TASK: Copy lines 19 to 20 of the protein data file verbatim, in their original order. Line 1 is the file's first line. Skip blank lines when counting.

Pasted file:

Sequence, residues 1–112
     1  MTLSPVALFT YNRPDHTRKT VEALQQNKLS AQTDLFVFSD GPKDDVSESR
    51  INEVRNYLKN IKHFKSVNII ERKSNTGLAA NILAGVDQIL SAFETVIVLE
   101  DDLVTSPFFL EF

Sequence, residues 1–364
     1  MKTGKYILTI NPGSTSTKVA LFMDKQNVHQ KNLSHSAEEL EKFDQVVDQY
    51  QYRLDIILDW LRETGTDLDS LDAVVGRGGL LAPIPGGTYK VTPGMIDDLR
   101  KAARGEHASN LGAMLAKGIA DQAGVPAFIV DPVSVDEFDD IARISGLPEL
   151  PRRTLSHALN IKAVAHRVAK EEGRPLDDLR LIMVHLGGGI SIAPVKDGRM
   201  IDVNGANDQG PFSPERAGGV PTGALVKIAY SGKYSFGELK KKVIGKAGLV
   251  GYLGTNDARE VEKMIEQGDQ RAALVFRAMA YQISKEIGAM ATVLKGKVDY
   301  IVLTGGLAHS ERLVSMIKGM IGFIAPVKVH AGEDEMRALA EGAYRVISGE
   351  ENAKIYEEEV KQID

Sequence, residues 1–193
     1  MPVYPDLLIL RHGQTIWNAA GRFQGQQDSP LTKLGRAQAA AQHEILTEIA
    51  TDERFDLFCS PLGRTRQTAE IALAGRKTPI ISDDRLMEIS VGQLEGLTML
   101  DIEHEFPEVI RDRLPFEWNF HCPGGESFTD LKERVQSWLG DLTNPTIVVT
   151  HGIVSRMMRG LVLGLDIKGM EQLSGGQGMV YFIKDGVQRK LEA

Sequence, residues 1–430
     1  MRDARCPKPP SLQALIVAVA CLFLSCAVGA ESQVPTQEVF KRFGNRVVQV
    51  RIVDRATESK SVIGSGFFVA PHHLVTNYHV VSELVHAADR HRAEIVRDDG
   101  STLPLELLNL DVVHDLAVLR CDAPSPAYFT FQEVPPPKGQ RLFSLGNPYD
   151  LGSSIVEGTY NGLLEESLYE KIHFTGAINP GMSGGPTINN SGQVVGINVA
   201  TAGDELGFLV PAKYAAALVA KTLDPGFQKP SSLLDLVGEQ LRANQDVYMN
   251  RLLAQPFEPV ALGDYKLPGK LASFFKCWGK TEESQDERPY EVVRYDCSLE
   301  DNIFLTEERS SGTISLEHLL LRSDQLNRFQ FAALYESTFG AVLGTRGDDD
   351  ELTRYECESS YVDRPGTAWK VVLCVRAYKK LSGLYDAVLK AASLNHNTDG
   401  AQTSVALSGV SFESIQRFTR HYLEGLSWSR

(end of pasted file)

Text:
Sequence, residues 1–430
     1  MRDARCPKPP SLQALIVAVA CLFLSCAVGA ESQVPTQEVF KRFGNRVVQV